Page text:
Well, I wasn't there.  The South of my youth might as well have been Almack's or the Battle of Waterloo for all I would know.  I trusted Stockett to get it right.  She's from Mississippi, her family had a black maid who cared for the children, and even if Stockett was twenty years too young to have experienced the period of The Help, she knows a lot more about it than I ever will.

So I trusted her, and I trusted The Help to help me get a sense of what it was like to live in that time.


  1. Magdalen--
    Talking Arkansas, not Mississippi--
    I will admit that I have not read the book. As I was explaining to a friend--I did not read it because I lived it(from the white side of the fence).
    My grandmother (b 1893 d 1987)had a long time black(politically correct term of that era) housekeeper who came several times a week to clean, etc, etc. She was a fixture of the household from my childhood. Anytime I visited, she was there. I loved her!
    (I can recall a conversation with my mother after the movie "Driving Miss Daisy" came out that dwelt on the relationship between my grandmother and her housekeeper--also relevant).
    Anyway, this woman stuck with my grandmother, as a care giver, at substandard wages, until my grandmother's death--because, as she told me, she felt she "owed" my grandmother, because she had been with her so long.
    It is very sad to say that my grandmother left nothing to this woman in her will. However, we five grandchildren (our fathers having predeceased their mother--another very sad story)all banded together and made sure that this fine woman got a very nice bequest from the family. Hey, it was the right thing to do--she was part of the fabric of our lives.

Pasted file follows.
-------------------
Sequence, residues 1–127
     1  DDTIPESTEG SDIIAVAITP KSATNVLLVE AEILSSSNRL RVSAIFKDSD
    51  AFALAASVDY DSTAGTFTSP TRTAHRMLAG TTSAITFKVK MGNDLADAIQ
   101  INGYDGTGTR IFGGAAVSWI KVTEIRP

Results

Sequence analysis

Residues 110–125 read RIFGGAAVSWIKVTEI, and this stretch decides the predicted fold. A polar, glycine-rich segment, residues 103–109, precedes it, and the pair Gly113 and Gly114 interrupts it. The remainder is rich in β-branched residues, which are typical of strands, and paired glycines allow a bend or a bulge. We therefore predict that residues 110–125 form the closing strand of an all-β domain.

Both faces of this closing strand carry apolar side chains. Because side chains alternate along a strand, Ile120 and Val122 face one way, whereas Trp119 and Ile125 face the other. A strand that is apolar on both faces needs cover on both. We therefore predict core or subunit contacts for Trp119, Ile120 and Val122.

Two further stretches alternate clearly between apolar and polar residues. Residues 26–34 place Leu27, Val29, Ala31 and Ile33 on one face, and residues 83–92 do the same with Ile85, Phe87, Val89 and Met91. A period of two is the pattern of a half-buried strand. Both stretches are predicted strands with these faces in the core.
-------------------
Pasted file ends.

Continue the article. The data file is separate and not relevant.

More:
ps--I could not have told you about Shake'n Bake's correct date--I was living in Hawaii at
    the time--a whole 'nother world!!
    pps--I lost track of the housekeeper after my grandmothers's death--she moved off to stay with a daughter. But I recently found out that she died, age 94. I am hoping that her last years were happy, and sad that I did not get to see her again after my grandmother's death.

  2. Barbara -- You might enjoy the book in light of (rather than despite) your grandmother's experience. If you do read it, let me know what you think.

    My mother's family had "help" in New York City between the wars, but I know that situation wasn't fraught with issues the way things were in the segregated South.

    However, there is one funny story I recall. My parents got married in 1945, and my mother was almost immediately pregnant, a fact my grandmother was NOT happy about. The faithful servant (I don't recall her name) told my mother, "Miss Jofine, you better not have that baby one day before nine months." My sister was born nine months precisely after my parents' wedding.

    Ironically, my parents had been married on my mother's parents' wedding day. My mother was born eight and a half months later - which caused my grandfather to comment that it was a good thing he'd been in America up until just before the wedding, which was in London.

  3. Who can know the experience of another person? This is simply impossible. I think the point of these kinds of books is not to inform us, but to challenge us. To cause us to think and reflect. To cause us to search our own hearts and ask the important question, "where does racism dwell in my heart?" I am a Cuban immigrant of some what mixed ancestry. I do not share a common history with this book, but I share common struggles with the rest of the human race. A struggle against the baser nature of self and towards the renewal that can only be found in Christ.